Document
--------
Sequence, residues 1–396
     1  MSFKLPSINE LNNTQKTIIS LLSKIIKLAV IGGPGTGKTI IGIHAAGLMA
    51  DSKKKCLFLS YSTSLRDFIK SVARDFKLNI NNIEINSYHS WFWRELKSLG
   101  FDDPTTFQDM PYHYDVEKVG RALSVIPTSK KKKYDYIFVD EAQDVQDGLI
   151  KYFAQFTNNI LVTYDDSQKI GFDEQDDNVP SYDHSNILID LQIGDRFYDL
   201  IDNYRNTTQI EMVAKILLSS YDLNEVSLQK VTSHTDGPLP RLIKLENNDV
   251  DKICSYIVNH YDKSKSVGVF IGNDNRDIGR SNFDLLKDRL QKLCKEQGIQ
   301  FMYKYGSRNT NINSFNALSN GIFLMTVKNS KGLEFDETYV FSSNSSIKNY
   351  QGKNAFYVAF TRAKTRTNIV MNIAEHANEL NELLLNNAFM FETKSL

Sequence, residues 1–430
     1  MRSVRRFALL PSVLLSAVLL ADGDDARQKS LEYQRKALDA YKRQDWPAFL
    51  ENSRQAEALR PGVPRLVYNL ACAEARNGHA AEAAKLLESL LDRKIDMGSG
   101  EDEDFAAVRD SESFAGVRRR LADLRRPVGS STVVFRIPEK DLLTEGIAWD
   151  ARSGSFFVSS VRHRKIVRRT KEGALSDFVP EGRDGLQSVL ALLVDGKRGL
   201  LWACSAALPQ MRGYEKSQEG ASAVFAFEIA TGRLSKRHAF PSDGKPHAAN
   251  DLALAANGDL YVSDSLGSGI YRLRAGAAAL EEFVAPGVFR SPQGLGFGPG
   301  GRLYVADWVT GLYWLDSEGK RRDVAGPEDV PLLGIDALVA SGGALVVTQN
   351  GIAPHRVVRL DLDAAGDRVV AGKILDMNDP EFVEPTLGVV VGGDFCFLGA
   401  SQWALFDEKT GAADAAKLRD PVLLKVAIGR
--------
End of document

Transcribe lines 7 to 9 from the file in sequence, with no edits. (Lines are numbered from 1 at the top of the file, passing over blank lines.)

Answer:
   251  DKICSYIVNH YDKSKSVGVF IGNDNRDIGR SNFDLLKDRL QKLCKEQGIQ
   301  FMYKYGSRNT NINSFNALSN GIFLMTVKNS KGLEFDETYV FSSNSSIKNY
   351  QGKNAFYVAF TRAKTRTNIV MNIAEHANEL NELLLNNAFM FETKSL